Boeing CEO Says Pay Freeze Counterproductive

Feb. 19, 2009
Move would hurt ability to attract and retain high-performing employees


Freezing wages and eliminating bonuses to avoid layoffs would be counterproductive for Boeing Co. and other big employers, the aerospace company's chief executive said.

In an e-mail Tuesday to Boeing employees, printed in full on the Web site of the Seattle Post-Intelligencer newspaper Wednesday, CEO Jim McNerney wrote that such moves would hurt the company's ability to attract and retain high-performing employees.

The memo is one of the first responses by a major corporate chief executive to proposals for layoff alternatives. Such requests have gained force in the deepening recession since President Barack Obama praised "the selflessness of workers who would rather cut their hours than see a friend lose their job" in his inaugural address last month.

"More than a few of you have written to me asking whether we could avoid layoffs altogether by not paying incentive awards this year or by freezing wages across the board," McNerney noted.

He said such actions would preserve some cash during the year and lessen the immediate impact on people, but "our judgment (and one shared by most major companies) is that they would put us at a competitive disadvantage."

Since Jan. 1 Boeing has announced plans to lay off about 10,000 employees, mostly in overhead and military-related positions but few in commercial airplane production and engineering jobs.

There was no immediate response to requests for comment from the International Association of Machinists and Aerospace Workers or the Society of Professional Engineering Employees in Aerospace, the two largest unions at Chicago-based Boeing. Both unions negotiated contracts with pay raises last fall, the Machinists after an eight-week strike.

John Dern, a Boeing spokesman, said he knew of no formal proposals by any of Boeing's unions for employee pay concessions in exchange for job preservation.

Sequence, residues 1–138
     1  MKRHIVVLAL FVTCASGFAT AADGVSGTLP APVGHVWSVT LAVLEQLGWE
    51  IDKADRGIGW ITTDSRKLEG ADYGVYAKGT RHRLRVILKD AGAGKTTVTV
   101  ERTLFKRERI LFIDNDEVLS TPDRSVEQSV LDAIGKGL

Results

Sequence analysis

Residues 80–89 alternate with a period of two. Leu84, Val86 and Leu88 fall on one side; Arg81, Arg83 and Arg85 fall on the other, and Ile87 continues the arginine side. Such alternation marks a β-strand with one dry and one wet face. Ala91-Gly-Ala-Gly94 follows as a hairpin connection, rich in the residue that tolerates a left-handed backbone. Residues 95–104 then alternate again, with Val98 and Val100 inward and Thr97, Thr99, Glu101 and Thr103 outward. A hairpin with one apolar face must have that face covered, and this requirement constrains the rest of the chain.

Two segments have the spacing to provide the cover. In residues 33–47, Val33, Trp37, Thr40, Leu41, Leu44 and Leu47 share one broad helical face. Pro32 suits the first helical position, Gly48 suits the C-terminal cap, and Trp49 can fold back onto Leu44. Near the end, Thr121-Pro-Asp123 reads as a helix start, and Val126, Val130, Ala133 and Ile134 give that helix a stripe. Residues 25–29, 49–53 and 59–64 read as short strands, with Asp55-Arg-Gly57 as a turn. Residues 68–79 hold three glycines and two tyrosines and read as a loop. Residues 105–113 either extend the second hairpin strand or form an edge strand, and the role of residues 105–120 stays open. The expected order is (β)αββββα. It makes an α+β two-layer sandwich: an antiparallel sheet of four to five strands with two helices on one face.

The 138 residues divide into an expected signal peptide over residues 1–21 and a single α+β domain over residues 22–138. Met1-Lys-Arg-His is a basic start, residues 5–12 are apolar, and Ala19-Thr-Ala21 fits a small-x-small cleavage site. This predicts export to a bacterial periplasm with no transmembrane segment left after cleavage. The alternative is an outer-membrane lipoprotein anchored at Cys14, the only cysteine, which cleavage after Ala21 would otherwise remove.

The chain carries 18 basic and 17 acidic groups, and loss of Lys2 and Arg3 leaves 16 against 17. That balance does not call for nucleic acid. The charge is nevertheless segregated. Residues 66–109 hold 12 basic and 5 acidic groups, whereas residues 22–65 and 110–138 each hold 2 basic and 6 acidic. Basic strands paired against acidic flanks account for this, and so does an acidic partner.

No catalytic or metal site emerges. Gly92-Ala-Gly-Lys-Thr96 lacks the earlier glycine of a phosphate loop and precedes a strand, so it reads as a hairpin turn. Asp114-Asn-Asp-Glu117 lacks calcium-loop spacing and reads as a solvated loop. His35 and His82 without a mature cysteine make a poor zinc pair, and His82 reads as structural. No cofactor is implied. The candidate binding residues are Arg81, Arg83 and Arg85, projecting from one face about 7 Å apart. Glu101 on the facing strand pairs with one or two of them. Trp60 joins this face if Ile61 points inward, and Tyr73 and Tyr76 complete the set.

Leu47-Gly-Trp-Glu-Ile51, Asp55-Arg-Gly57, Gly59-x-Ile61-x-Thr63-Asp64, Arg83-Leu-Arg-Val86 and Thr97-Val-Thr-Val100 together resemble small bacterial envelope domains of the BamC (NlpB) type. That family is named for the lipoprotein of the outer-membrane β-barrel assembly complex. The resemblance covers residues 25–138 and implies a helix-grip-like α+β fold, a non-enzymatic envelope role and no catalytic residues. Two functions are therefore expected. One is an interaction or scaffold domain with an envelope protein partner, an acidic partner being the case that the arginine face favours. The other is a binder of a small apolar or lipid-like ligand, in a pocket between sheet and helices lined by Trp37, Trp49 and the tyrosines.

Bonuses for top executives, raises for nonunion staff and incentive payments to about 114,000 of the company's 160,000 employees under Boeing's performance-based Employee Incentive Plan will likely be lower because of the recession, Dern said.

Last month, Boeing said enough financial targets were met in 2008 for EIP-eligible employees to receive six extra days of pay, a total of $220 million.

At the same time, McNerney wrote, "We are consciously restraining salary growth this year in order to lessen the number of job cuts we need to make while retaining flexibility to fund growth projects."

Boeing Commercial Airplanes began the year with an order backlog of about 3,700 planes totaling $352 billion over the next seven years or longer. Since Jan. 1 Boeing has announced orders for 18 planes of various models and cancellation of 31 orders for its new 787 jetliner, a net loss of 13 orders this year.

In a visit to Seattle earlier this month, Steven F. Udvar-Hazy, founder and chairman of International Lease Finance Corp., the world's biggest airplane leasing company and the biggest customer of Boeing and Airbus, told reporters he believes Boeing could cut production by as much as 35 percent over the next 18 months as airlines defer orders.

Boeing's latest forecast is for the company to deliver 480 to 485 planes this year.

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